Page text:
Is Erdogan a double-dealing tyrant helping Daesh?

From what I can tell Turkey was seriously over-reaching shooting down Russian’s Su-25 when it was barely over Turkey.

Putin won’t be pleased but there are other reasons why we shouldn’t be that pleased with Erdogan and Turkey at the moment.

Michael Burleigh writes in the Daily Mail about Erdogan’s actions and duplicity

Despotic presidents tend to have many admirers who will hail them as saviours of their nations. But they also have a tendency to lock horns with other despots.

The clash between Russia?s Vladimir Putin and Turkey?s president, Recep Tayyip Erdogan, after Turkish F-16s shot down a Russian fighter, is one which has set the entire world on edge as diplomats desperately work overtime to reduce the tension.

Putin is not blameless in this affair. His air force has been probing Western air spaces provocatively in a number of different locations in recent months. But was the Russian president right, after the downing of the jet, to accuse ?back-stabbing? Turkey of being the accomplices of ISIS terrorists?

And was there any truth in Putin?s accusation yesterday ? made just as Moscow was expelling 39 Turkish businessmen attending a conference in Russia ? that Turkey is propping up ISIS by buying oil from them?

This latest claim inevitably prompted a furious response from Erdogan, who accused Putin of slander. But the fact is that Erdogan?s regime has on many occasions turned a blind eye to ISIS activity in Turkey, as well as to Turkish businessmen and smugglers doing trade deals with the jihadist butchers.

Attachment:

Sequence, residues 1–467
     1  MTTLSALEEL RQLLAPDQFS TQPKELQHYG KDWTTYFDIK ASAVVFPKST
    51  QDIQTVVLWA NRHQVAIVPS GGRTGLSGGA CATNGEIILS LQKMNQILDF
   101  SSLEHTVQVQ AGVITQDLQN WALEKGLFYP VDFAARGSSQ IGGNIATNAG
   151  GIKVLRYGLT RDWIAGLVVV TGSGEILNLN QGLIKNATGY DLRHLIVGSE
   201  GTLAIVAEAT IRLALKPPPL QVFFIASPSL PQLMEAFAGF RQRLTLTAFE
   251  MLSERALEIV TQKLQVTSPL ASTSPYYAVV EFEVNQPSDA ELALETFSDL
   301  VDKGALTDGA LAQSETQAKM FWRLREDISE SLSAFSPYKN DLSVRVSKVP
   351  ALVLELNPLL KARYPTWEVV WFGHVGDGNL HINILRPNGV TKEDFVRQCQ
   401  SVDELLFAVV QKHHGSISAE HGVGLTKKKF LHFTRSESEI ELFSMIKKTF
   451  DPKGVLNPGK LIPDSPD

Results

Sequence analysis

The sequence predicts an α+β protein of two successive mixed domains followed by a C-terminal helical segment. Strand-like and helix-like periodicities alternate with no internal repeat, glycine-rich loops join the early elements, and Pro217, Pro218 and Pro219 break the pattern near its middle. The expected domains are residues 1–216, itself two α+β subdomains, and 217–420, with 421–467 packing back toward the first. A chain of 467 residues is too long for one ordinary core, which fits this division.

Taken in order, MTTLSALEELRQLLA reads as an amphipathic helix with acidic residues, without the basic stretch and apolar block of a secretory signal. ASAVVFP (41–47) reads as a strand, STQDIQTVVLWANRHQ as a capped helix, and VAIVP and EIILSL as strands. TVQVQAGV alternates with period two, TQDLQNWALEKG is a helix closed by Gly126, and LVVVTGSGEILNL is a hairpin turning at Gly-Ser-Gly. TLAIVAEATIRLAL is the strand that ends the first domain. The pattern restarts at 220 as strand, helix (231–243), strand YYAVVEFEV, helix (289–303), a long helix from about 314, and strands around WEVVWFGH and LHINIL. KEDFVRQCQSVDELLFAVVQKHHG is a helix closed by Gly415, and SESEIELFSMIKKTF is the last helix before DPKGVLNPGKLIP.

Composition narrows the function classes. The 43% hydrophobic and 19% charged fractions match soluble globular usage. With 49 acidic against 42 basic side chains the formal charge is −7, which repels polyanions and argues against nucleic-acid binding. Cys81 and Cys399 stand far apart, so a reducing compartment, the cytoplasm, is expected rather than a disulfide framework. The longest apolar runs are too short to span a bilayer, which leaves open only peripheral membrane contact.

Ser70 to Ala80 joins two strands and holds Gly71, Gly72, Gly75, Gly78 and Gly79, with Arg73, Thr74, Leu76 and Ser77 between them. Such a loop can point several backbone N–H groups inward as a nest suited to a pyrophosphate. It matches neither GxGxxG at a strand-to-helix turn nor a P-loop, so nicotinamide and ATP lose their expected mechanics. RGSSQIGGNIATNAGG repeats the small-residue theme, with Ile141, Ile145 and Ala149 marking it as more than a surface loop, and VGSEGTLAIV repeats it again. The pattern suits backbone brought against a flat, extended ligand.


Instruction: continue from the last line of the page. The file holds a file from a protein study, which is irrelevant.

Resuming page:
To be fair, on the surface, Turkey?s president is fully involved in the fight against ISIS. In October he allowed U.S. jets to use Turkey?s Incirlik air base for operations against ISIS, pledging that his forces, too, would join the fight.

But the truth is that Turkey?s planes have aimed their missiles almost exclusively at the one army which poses a real threat to ISIS, and has won countless battlefield victories against them ? the Kurdish PKK forces inside Syria.

Erdogan is an Islamist, and a hard core one at that. He is on record as stating there is no such thing as moderate Islam, just Islam.

The trouble is that Erdogan, who has spent years ruthlessly concentrating power into his own hands, considers the Kurds an even greater threat to his nation than ISIS.

A fifth of Turkey?s 75 million people are Kurds who, along with fellow Kurds in Syria, Iran and Iraq, want to form their own country, with a population of some 40 million. Erdogan sees this plan for a Kurdish nation as a mortal threat to Turkey and will take any opportunity to attack those behind it. Furthermore, he loathes Syria?s President Bashar al-Assad. And if ISIS is weakened, Assad?s forces ? backed by Russia ? will be strengthened commensurately.

The fact is that ISIS could rapidly be destroyed if Kurdish forces in Syria and Iraq ? along with Kurdish guerillas in Turkey ? were fully unleashed. They have proved extraordinarily militarily effective and oppose every aspect of Isis?s devilish ideology.

Yet this does not happen because PKK forces in Syria and Kurds in northern Iraq are under continual bombardment by the Turkish air force. No, the fact is that while Turkey may be a member of Nato ? and of the alliance taking on the jihadists ? Erdogan seems to be doing almost everything he can to cripple the forces actually fighting ISIS.

But then Erdogan has always been utterly ruthless when it comes to protecting his own interests. He became prime minister of Turkey back in 2003, has been re-elected three times, and last year became the country?s first directly elected president.